So I’ve been struggling with the question of just how professional my professional presence needs to be on social media. Should I keep it clean and strictly business or can I include the occasional shout out to my friends and the occasional check in at the gym?

Looking Around

I proceeded to do my research along two different avenues.  First, I looked at social accounts that I really enjoyed reading.


When I look at these accounts I notice that they’re the ones with their own unique voice. They’re the ones talking about social media but also their dog. They’re the ones who share links to cool articles from their professional niche but also cool links to the latest sci-fi movie trailers they’re really excited about. Their links are more credible because I know they’re using Twitter and Facebook and LinkedIn to authentically communicate with me as opposed to pitch me some marketing crap. The articles they link out are the ones they thought were worth linking, not just twitter link bait.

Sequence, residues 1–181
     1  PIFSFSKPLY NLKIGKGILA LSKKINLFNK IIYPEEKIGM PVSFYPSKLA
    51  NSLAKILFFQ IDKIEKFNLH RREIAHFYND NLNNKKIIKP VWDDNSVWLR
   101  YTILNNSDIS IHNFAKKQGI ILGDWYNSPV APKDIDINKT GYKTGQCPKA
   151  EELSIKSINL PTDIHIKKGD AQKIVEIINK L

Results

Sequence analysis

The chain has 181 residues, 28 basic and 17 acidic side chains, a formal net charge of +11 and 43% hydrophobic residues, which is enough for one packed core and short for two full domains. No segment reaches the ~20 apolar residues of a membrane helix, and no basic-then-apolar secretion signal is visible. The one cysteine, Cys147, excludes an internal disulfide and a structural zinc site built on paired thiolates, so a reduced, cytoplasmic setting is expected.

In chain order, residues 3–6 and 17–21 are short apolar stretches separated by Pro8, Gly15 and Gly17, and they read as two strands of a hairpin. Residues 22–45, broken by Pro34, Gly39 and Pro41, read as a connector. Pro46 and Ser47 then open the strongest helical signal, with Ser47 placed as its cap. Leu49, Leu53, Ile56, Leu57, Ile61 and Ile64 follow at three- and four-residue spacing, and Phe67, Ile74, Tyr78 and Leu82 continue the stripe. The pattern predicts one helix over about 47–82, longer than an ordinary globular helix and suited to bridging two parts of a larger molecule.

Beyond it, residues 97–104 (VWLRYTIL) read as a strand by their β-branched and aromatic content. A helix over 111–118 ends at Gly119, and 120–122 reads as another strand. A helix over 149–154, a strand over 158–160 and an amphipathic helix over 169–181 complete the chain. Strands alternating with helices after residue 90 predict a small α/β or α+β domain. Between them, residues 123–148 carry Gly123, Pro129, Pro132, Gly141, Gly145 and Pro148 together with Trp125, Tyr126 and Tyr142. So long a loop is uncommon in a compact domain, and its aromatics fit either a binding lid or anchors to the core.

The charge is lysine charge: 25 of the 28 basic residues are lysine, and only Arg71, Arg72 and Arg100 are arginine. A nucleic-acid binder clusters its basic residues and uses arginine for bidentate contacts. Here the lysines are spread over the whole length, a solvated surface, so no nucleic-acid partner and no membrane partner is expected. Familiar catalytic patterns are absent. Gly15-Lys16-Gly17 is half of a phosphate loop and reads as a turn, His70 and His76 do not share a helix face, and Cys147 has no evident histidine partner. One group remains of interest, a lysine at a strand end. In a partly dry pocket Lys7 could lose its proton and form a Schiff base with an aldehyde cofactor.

I did notice that on “open” channels (which is pretty much every social network except Facebook), the accounts I like are relatively clean. They don’t include the usual desperate cries for attention, passive aggressive nonsense or drunken ramblings that you’ll frequently see on Facebook. Even the non professional posts are still clean enough to keep me thinking of the account owner as a person I might one day enjoy working with as opposed to a hot mess.